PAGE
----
“I mean the millennials listening to this call are saying, ‘What the heck is a travel agent? Isn’t that something on my phone?’” Habib said. “So yeah, there used to be real people who did those jobs, but because of technology they got replaced, because those individuals did not heed the call to change what they were doing. They thought that they were protected, that they could do the same old thing. And there are so many originators thinking that today. What Richard Barton is trying to do — please mark my words — is eliminate your job as an originator.”

Why was Wayne Gretzky “The Great One?”

“He went where the puck was going, not where it was.” And originators need to do the same thing: Look at where the puck is going. “Where it’s going is, you have to be an advisor.” To make the transition to becoming a debt advisor — those who have that knowledge and power “are crushing it today” and “will crush it tomorrow.”

Many of the selling points mortgage professionals have relied on, and expected to gain them more referral sources, don’t necessarily cut it any more, Habib said. Competitive rates, closing quickly — that’s fine, but everybody’s offering that; it doesn’t make you distinctive. Plus – an app will do it better and faster and cheaper. But can you offer insight as to the demographics and real estate opportunity in the environment? About forecasted rates of appreciation? About factors that will play into what is, at heart, a financial decision for the home buyer.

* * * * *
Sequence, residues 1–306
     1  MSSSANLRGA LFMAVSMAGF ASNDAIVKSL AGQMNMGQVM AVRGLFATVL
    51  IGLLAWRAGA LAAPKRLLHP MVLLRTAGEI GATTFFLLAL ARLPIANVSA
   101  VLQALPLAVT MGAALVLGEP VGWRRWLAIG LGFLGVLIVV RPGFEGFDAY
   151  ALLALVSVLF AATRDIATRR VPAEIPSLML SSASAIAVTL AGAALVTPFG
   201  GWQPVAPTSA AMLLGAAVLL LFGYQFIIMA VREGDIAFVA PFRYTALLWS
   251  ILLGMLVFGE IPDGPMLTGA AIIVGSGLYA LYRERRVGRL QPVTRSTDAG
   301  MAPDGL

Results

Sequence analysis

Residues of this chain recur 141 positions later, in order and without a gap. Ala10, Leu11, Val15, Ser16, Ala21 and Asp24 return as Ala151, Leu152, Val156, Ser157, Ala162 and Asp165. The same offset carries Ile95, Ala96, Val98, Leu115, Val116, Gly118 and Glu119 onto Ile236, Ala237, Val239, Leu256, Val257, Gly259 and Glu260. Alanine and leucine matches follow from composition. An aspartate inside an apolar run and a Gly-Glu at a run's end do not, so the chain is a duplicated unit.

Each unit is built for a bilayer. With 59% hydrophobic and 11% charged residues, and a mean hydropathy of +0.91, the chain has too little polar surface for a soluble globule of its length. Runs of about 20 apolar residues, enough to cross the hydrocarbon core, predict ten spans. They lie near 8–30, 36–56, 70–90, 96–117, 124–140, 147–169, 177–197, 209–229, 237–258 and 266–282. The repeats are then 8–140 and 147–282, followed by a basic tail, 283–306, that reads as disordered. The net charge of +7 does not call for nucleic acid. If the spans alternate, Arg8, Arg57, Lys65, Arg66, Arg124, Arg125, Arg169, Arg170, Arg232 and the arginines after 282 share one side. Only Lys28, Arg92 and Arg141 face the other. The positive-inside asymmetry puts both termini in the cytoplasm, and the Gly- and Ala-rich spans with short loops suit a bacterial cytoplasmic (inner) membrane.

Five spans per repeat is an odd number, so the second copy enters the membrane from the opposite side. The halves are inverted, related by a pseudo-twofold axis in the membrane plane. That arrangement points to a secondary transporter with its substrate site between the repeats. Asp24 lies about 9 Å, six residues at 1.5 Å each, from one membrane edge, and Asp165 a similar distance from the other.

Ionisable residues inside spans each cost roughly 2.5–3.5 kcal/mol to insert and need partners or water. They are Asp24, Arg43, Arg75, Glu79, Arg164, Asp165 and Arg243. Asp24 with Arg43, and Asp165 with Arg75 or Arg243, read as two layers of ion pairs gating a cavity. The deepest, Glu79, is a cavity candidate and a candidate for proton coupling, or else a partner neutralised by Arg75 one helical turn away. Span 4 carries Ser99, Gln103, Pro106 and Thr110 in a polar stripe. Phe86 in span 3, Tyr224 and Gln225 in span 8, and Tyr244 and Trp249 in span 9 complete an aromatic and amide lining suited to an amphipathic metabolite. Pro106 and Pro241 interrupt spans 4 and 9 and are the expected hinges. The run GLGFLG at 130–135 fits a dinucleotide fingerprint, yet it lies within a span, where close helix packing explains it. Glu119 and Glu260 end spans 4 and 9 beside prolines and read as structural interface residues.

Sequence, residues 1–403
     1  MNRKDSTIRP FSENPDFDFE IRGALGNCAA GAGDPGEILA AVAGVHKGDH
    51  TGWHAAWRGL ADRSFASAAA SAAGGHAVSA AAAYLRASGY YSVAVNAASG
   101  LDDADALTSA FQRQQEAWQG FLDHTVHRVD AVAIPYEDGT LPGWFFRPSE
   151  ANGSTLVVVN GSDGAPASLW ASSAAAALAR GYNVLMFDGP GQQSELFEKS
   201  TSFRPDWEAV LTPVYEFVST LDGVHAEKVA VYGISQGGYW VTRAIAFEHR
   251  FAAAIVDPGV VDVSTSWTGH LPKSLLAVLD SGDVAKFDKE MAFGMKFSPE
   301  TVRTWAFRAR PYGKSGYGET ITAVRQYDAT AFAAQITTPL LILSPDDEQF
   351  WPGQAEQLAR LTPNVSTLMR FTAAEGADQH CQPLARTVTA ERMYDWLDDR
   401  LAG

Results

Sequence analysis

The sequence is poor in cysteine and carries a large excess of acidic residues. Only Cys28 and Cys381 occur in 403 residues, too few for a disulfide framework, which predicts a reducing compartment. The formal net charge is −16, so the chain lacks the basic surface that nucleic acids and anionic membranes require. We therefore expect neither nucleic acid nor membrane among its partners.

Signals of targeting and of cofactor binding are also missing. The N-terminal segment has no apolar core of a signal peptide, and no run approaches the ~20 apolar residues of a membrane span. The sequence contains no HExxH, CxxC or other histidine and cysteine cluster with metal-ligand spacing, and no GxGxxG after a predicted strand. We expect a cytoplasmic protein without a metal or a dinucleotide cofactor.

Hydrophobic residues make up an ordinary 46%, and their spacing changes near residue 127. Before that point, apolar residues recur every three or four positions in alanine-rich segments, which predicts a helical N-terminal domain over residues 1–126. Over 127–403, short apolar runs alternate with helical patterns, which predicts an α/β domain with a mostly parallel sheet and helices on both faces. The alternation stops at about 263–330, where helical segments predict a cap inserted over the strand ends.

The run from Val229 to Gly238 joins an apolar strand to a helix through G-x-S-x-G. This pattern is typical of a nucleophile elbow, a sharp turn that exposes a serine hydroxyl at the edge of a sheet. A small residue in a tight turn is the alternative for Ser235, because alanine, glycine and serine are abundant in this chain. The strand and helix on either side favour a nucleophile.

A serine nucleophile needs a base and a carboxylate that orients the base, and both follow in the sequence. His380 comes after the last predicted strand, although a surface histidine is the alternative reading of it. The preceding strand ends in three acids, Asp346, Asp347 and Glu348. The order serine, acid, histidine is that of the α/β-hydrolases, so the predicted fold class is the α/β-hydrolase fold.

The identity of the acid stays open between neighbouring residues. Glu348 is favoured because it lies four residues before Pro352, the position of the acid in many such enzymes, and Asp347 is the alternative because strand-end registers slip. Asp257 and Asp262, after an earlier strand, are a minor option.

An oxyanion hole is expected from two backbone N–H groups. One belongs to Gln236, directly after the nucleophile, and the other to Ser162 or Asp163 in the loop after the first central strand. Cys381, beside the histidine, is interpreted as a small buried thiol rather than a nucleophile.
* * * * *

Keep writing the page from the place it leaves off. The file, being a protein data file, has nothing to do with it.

“First of all, show them that you understand the market. Show them the forecast for growth. Show them what the cost of waiting would do, if they waited six months or a year based upon what the forecast is for rates and also based upon what the forecast is for appreciation. Show them the monthly cost. Show them the out of pocket costs. Show them what they’d miss in appreciation and amortization, and now you start to help that real estate agent do a better job in articulating that opportunity. The realtor sells more property, and the home owner gets a better opportunity, and you become much more valuable.”